Good morning readers. Thanks for coming by for a read.
Nobody much uses a tow bar anymore. The only thing available to rent in town was something called a ‘car dolly’, and I didn’t like the idea of renting one, even a little bit. But Gale’s reluctance to pull the New Truck into town with a chain was expressing itself full volume without him having to say anything outright.
I’d put notices on Kerrville Freecycle, Kerrville Marketplace, done everything I could think of without success. But a week or so ago Gale mentioned he’d seen one for $100 at a thrift store in Kerrville. At least he thought it was a tow bar. He said it had been sitting there a goodly while.
Those of you who read here probably know the idea of paying price-tag prices for something isn’t in my makeup. And $i00 for a tow bar, while probably a reasonable price, just wasn’t something I was about to do. I’d rent a car dolly first.
I borrowed Little Red and made a special trip to town in the hope it was a tow bar, and in the further hope they’d be ready enough to see it gone to be willing to do some horse trading. When I arrived unsuspecting began a bargaining session lasted maybe two hours. Tough, tough, tough, those people have become.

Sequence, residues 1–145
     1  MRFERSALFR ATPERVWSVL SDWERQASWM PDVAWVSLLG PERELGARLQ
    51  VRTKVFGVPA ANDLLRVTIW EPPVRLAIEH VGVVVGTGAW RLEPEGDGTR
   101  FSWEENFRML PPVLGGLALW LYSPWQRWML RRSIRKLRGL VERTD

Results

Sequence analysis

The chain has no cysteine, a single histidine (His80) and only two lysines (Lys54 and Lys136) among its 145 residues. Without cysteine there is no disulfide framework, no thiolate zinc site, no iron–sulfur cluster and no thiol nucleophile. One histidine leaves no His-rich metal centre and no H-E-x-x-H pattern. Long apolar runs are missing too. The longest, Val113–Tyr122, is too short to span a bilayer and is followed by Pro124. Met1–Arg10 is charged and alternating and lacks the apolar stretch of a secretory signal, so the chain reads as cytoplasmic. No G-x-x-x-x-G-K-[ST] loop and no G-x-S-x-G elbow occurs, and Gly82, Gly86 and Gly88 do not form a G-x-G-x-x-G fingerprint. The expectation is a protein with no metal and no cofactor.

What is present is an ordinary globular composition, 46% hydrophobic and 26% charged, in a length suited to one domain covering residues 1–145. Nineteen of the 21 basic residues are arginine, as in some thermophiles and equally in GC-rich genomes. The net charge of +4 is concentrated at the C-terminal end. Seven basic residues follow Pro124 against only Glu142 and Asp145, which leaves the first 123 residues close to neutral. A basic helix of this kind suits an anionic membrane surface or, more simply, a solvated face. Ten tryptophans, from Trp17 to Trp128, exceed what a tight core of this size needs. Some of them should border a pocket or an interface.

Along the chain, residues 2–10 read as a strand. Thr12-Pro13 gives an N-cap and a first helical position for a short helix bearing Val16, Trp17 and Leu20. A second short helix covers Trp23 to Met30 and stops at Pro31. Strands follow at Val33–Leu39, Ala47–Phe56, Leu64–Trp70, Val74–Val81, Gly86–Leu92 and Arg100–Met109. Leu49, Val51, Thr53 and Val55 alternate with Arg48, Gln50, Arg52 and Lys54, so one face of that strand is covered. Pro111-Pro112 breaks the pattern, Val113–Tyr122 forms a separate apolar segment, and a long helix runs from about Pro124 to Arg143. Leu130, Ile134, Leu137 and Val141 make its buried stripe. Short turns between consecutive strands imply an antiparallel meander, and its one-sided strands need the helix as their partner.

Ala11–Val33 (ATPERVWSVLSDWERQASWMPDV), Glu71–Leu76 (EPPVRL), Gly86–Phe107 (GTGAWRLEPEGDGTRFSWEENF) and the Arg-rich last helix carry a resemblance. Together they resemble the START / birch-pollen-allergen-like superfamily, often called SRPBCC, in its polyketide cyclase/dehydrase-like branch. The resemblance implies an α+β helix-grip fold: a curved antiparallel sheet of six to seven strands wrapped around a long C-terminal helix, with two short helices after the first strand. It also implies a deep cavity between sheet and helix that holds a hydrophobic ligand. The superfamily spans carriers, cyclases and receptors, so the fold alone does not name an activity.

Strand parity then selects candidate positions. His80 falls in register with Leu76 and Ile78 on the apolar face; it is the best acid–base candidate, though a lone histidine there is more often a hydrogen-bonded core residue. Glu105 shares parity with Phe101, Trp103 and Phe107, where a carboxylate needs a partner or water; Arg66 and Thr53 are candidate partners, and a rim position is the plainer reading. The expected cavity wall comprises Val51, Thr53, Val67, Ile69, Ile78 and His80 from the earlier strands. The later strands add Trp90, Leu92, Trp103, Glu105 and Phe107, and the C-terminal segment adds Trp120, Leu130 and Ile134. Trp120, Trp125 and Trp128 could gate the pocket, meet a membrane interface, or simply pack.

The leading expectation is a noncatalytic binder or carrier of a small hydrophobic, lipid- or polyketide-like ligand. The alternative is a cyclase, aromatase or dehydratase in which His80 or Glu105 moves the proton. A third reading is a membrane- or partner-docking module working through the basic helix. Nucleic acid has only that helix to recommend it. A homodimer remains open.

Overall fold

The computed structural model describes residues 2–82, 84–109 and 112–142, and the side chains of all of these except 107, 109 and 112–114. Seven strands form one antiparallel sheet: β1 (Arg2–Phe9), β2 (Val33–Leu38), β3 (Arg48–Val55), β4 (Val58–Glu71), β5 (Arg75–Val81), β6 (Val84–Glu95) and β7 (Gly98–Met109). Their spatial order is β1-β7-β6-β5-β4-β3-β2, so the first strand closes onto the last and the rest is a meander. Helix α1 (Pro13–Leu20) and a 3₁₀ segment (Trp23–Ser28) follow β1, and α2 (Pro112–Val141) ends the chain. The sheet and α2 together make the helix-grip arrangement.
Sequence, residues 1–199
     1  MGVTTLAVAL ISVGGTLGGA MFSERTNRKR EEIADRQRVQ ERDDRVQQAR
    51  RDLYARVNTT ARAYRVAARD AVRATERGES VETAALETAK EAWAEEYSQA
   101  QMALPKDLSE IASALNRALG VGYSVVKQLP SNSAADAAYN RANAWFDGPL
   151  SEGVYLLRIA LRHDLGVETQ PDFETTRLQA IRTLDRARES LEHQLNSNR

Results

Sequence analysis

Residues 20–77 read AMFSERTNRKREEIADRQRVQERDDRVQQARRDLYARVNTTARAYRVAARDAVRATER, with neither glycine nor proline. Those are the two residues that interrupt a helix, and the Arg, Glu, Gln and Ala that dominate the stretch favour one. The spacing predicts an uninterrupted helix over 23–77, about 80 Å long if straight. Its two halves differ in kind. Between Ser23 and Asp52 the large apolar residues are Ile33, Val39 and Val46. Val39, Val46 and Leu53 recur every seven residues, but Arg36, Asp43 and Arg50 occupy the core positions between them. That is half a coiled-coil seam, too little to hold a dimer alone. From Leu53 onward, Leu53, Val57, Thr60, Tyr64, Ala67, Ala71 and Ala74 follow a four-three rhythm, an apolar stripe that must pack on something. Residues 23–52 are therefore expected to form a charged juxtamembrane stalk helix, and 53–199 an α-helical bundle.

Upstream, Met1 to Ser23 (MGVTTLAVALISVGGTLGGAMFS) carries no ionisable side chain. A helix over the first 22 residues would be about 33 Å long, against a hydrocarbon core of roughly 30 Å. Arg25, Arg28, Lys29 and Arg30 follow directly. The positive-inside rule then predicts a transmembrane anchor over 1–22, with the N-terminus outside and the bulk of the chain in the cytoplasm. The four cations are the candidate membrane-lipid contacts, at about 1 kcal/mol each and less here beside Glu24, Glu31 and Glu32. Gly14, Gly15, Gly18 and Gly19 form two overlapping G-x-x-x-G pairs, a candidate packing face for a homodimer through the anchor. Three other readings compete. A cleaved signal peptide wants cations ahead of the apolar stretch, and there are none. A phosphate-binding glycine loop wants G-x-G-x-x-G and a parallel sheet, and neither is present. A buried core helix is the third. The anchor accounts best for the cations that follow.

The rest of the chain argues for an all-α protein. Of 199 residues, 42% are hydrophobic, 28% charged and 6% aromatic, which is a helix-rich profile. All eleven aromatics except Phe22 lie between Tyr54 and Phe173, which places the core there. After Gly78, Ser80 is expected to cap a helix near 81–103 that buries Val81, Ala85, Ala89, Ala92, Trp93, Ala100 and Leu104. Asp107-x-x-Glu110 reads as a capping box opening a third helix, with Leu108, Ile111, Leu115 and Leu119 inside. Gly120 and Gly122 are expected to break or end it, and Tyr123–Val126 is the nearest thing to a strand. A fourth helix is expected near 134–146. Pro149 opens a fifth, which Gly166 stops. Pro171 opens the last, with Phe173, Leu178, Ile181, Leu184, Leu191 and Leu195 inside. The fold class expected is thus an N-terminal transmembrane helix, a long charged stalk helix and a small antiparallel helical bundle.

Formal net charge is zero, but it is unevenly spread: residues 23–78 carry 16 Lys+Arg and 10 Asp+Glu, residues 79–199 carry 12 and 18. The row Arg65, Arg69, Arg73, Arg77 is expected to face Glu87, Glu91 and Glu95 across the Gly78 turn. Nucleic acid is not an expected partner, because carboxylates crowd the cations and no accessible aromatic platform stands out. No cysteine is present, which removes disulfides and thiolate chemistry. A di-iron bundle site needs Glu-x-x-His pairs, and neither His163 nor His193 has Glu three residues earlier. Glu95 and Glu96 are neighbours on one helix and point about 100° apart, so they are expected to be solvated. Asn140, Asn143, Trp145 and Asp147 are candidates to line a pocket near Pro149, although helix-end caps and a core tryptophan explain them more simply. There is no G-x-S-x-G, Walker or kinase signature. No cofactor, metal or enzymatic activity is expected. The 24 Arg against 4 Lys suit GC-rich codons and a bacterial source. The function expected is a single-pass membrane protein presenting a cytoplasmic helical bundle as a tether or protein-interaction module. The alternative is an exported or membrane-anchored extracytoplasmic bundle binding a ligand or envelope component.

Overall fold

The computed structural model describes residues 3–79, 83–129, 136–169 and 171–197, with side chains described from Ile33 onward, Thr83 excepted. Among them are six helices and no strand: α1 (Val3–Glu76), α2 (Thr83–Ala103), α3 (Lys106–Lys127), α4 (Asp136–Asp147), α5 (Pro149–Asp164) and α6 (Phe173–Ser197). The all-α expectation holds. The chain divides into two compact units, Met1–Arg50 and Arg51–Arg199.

The only time in my life I ever recall having to dicker that hard for anything was in Mexico when I was 17 years old bargaining for a pair of needle-toed, fancy-stitched turquoise-dyed-stovepipe topped boots. I’d only tried one of them on and the fit was perfect. Got that guy down to $17 for the pair. But when I got back to Portales and put them on, turned out they were two different sizes. Killed my feet, wearing them.
But I’ve digressed.
As you can see from the pic, the tow bar’s now here, same size for both feet. And now it’s only going to be a matter of prying Gale away from whatever else he thinks he ought to be doing to get the New Truck to a Real Mechanic.